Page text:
Wednesday, June 15, 2022

History of glass packaging

Glass is virtually inert and impermeable, making it the most stable of all packaging materials. There is no risk of harmful chemicals getting into the food or drinks that are packed in glass. In the Neolithic period (Early Stone Age), about 7000 BC, people were using glass as a tool. They recognised the outstanding properties of the naturally formed glassy rocks.

In Mesopotamia master craftsman discovered how to make glass in the third millennium BC. From Mesopotamia and Egypt, glassmaking using the basic soda-lime-silica composition travelled to Phoenicia, along the coast of present-day Lebanon. From there the art spread to Cyprus, Greece, and, by the 9th century BC, the Italian peninsula. The oldest unopened wine bottle in the world was found in Speyer, Germany, dating back 1,700 years.

Romans invented air blowing rods, which facilitate the production of glass packaging. Near the beginning of the Christian era, the Phoenicians learned how to blow glass with a blowing iron. From the 11th century on, Venice became the centre of glassmaking in the Western world. The glassmakers there, the "phioleri di Murano", achieved unimagined heights of craftsmanship, especially in the production and processing of pure crystal glass.

Until the Middle Ages the use of glass was in the hands of a privileged few, who kept their composition and manufacturing secret. Glass became an object of luxury used both for decoration and for the conservation, transport and storage of food, medicines, oils, etc.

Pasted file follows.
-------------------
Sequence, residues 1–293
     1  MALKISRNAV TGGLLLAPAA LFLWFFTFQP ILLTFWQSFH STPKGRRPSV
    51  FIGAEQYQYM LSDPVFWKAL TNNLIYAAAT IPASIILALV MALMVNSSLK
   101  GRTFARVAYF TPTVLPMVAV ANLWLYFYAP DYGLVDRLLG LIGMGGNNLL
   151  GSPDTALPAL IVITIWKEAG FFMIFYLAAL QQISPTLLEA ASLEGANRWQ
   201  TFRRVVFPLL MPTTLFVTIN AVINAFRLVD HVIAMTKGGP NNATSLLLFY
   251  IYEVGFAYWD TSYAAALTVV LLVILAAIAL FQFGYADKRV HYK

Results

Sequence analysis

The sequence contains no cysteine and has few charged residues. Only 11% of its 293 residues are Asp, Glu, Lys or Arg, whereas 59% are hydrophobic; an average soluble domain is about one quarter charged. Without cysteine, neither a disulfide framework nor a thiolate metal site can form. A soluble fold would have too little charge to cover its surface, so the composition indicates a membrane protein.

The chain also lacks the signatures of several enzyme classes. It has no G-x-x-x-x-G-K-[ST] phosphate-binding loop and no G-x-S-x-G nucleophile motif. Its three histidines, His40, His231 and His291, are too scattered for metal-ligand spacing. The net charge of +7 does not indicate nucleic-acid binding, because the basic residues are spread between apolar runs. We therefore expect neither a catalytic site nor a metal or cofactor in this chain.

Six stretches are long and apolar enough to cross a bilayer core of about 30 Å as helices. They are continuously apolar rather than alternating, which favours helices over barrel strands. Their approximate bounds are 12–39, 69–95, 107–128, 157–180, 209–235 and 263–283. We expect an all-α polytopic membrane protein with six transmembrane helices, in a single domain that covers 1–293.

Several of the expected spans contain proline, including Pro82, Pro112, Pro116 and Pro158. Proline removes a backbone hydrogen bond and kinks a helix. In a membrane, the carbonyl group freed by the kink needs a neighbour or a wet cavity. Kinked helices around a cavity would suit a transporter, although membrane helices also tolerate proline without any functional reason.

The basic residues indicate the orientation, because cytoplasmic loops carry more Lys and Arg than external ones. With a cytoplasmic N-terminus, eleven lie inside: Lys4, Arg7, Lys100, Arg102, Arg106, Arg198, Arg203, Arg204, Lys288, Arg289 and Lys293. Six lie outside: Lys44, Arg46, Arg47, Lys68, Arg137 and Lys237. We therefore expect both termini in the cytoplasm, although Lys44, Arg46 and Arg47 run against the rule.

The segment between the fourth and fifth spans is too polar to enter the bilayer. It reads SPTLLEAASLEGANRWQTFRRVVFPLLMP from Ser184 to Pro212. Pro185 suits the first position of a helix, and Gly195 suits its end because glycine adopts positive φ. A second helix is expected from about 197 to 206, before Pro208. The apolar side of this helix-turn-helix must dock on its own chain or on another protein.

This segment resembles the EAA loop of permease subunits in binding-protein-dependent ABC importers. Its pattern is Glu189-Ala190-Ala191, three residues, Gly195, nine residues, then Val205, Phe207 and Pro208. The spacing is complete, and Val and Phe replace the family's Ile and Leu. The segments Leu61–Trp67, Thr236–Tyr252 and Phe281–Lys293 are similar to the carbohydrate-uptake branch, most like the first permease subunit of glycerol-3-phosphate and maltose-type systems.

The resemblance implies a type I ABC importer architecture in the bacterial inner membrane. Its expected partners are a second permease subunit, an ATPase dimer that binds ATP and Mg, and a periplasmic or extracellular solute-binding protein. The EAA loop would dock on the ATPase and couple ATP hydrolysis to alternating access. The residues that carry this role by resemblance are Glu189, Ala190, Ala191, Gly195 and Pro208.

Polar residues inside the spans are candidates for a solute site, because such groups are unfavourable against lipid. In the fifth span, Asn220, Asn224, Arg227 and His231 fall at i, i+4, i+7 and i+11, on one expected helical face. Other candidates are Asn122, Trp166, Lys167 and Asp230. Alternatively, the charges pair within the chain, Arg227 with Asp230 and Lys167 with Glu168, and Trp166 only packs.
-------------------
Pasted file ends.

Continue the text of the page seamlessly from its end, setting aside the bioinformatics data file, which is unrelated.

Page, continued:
Most glass bottles in history were either opaque or coloured. But in the late Middle Ages people living in southern Germany, Switzerland and part of Italy created clear glass container.

Glass workshops were first established in the 16th century and that their development continued until the 19th century. In the 17th century, English businessman George Ravenscroft discovered how to produce lead glass at large scale. The production of glass packaging at workshops began in 1870.

In the United States, large-scale production of bottles was pioneered by Caspar Wistar in 1739 at his New Jersey plant. In the 1770s the carbonation process for producing soft drinks was developed, and so began an entirely new bottling industry.
History of glass packaging

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